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rakeshthp
05-26-2014, 11:31 AM
Hello,

I am facing a very strange problem in my application. I display a 2D traingular grid in OpenGL using vertex arrays. Everything works very well, until I came across a case, where a grid to be displayed covered a large area 3500 sq. km. With this grid loaded, when I keep zooming in, I reach at a point where the smooth zooming stops, and the grid node point starts jumping. Basically, the value of the node remains same, but it appears to shift at consecutive zoom steps (steppy effect). I am not sure what is the actual term used for that, but probably, it may be related to the precision or format where there is no further division of pixels.

Can anyone guide me how to overcome this problem? Any links to solve this problem?

Thanks

Regards
Rakesh Patil

Aleksandar
05-27-2014, 10:03 AM
That is a precision problem. The coordinates of your vertices are represented with single-precision floating-point numbers. That means only cca 6 decimal digits are correct. The most elegant solution is to use local coordinate system located at the viewer's position, not the grand fixed one.

rakeshthp
05-30-2014, 02:58 AM
Hi Aleksandar,


That is a precision problem. The coordinates of your vertices are represented with single-precision floating-point numbers. That means only cca 6 decimal digits are correct. The most elegant solution is to use local coordinate system located at the viewer's position, not the grand fixed one.


Thanks for your reply. How can I distinguish local coordinate and grand fixed one? Because, I do not do any transformation in model view. So i guess, my coordinates are local itself. Isn't it?

Thanks

Aleksandar
05-31-2014, 09:38 AM
First, let's determine whether the grid is geometric or it is a texture-overlay. If it is a geometry, then the problem is in precision. If it is a texture then the problem is in resolution.

If you draw it as a geometry, where is the origin of the grid? Assuming it is in the lower left corner, you have an error of 1dm on the upper right corner of 60km long grid. That error cannot be seen until you zoom scene to proximately 100x50m on the full HD screen. If you zoom even further a jitter is becoming more apparent. In order to avoid jitter, you should generate grid from your focal point (where you are actually looking at), or to be more precise, snapped to the closest grid point.

rakeshthp
06-10-2014, 11:32 PM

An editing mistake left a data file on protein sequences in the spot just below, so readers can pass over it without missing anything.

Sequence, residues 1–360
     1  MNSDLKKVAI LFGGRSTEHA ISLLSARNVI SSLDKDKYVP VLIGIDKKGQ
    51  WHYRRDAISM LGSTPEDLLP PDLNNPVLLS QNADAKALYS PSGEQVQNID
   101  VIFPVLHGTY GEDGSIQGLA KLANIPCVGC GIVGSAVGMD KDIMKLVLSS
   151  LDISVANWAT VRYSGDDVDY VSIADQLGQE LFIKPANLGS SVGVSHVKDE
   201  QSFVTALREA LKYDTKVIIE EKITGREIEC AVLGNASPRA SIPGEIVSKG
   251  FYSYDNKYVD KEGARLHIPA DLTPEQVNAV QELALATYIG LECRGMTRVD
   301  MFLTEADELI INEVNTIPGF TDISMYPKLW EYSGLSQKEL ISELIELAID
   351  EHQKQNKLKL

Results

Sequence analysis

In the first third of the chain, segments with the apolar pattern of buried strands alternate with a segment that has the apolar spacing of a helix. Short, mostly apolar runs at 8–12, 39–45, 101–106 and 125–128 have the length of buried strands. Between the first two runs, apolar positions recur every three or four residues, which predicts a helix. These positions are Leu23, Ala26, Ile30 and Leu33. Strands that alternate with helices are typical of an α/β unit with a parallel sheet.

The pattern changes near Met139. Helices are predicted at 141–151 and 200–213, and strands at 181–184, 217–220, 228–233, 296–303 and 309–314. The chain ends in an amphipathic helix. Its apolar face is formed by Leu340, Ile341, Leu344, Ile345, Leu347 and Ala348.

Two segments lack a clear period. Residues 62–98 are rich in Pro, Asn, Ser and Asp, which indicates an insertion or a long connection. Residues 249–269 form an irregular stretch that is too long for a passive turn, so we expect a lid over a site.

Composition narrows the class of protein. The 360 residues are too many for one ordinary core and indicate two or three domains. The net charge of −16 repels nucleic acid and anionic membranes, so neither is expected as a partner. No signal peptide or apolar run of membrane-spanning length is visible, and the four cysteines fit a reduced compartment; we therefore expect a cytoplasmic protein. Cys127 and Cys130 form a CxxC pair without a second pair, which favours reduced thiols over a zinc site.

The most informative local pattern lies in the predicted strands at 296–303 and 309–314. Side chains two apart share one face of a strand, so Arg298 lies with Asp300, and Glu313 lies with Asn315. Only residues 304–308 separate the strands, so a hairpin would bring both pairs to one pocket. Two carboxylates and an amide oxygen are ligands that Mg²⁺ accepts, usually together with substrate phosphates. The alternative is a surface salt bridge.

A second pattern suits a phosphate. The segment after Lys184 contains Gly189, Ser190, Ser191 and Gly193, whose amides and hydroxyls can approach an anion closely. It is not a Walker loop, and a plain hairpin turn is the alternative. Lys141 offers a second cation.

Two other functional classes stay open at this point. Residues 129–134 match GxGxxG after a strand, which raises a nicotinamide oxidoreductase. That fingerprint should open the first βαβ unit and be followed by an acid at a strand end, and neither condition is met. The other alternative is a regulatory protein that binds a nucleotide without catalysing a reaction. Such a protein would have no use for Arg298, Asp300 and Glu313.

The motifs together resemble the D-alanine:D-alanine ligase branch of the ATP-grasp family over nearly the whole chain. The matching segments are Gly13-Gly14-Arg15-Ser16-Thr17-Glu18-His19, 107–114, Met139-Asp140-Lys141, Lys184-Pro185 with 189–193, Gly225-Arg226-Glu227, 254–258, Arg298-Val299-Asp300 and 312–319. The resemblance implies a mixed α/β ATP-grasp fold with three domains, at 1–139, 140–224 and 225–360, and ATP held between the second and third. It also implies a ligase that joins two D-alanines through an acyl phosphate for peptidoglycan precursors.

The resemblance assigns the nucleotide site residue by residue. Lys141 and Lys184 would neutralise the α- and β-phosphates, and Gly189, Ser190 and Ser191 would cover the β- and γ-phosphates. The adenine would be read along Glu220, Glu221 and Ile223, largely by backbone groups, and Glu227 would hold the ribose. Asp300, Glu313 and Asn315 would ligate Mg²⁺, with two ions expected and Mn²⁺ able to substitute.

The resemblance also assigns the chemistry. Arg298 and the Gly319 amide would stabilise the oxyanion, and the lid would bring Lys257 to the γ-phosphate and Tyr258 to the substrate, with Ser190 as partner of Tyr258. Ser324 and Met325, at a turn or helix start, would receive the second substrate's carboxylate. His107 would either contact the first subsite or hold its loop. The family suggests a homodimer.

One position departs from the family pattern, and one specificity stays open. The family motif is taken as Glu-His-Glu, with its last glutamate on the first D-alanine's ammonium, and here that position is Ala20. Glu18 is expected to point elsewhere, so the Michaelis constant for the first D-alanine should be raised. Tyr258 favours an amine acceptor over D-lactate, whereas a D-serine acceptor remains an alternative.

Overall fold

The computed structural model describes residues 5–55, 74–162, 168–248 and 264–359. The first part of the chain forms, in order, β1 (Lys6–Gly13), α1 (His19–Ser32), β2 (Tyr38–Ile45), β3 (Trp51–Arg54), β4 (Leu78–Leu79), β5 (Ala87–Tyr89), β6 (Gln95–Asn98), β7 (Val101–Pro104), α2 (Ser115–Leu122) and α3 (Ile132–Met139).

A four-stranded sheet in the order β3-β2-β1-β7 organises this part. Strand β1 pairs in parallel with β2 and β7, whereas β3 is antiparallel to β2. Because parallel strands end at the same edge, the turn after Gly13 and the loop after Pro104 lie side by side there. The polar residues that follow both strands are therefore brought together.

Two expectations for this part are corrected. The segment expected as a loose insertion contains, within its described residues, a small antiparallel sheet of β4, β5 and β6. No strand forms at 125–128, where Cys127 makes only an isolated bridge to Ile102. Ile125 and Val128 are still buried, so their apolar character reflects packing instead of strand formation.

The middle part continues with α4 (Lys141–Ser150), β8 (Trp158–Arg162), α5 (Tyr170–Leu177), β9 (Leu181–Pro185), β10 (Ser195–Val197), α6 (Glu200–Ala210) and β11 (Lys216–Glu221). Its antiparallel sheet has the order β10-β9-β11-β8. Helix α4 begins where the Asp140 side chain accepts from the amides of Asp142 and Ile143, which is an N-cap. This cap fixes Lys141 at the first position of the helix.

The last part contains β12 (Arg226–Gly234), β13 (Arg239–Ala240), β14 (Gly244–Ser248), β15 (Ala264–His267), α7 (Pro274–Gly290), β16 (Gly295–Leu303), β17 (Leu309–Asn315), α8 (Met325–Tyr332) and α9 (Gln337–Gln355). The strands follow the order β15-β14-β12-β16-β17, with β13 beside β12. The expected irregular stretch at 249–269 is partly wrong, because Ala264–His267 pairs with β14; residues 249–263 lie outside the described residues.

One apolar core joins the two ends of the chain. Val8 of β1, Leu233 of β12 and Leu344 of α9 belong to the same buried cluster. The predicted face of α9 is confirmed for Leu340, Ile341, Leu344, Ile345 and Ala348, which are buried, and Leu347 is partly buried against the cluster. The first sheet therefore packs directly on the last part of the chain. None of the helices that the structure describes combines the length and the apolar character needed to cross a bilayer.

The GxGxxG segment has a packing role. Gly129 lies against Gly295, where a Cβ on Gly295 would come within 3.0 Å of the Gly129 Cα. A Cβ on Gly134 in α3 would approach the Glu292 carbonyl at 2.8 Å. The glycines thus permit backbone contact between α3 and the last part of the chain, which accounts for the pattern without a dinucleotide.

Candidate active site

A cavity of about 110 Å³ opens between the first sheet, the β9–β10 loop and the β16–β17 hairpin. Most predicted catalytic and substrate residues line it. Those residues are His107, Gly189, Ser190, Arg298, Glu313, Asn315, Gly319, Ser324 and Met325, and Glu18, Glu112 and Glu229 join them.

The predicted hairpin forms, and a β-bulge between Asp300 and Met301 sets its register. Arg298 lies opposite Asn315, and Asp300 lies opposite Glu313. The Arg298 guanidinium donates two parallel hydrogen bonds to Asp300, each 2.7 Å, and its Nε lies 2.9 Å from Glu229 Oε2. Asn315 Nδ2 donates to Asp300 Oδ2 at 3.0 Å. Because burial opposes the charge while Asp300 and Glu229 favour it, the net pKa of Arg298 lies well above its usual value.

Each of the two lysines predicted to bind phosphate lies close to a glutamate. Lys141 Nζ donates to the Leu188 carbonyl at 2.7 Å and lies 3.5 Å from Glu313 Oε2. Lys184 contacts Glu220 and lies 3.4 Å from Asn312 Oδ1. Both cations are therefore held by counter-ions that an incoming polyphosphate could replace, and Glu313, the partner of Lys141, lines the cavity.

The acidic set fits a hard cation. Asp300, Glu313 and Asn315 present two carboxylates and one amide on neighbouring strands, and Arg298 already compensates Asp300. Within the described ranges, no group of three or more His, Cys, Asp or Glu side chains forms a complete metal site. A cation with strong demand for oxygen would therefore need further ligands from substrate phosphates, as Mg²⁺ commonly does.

If you draw it as a geometry, where is the origin of the grid? Assuming it is in the lower left corner, you have an error of 1dm on the upper right corner of 60km long grid. That error cannot be seen until you zoom scene to proximately 100x50m on the full HD screen. If you zoom even further a jitter is becoming more apparent. In order to avoid jitter, you should generate grid from your focal point (where you are actually looking at), or to be more precise, snapped to the closest grid point.

Hi,

Yes, I am drawing grid as a geometry. And the origin lies at the lower left corner. Well, I forgot to write one more thing. This problem comes not only for grid, but also when I display a set of points. If the points are very close to each other, then at the beginning it self I observe the steppy effect. I checked the coordinates, and as you said, only 6 decimal digits are considered.

You also mentioned in your post to generate grid from the focal point. I wonder, how to do this, because every time I do not generate a grid. Some times grid data is loaded from a file which can come from other source. Can you point me out to some literature or article to overcome this issue?

Thanks
Regards

Aleksandar
06-12-2014, 02:25 AM
The problem of precision is common for all objects, not only your grid. :)



You also mentioned in your post to generate grid from the focal point. I wonder, how to do this, because every time I do not generate a grid. Some times grid data is loaded from a file which can come from other source. Can you point me out to some literature or article to overcome this issue?

Yes, you need to regenerate the grid on each viewer's motion (on translation only, not rotation) on such way that the vertex closest to the viewer have coordinates (0,0,0). It shouldn't be an expensive operation.

Some useful remarks and references on rendering relative-to-eye (RTE) can be found in chapter 5 of the "3D Engine Design for Virtual Globes" book.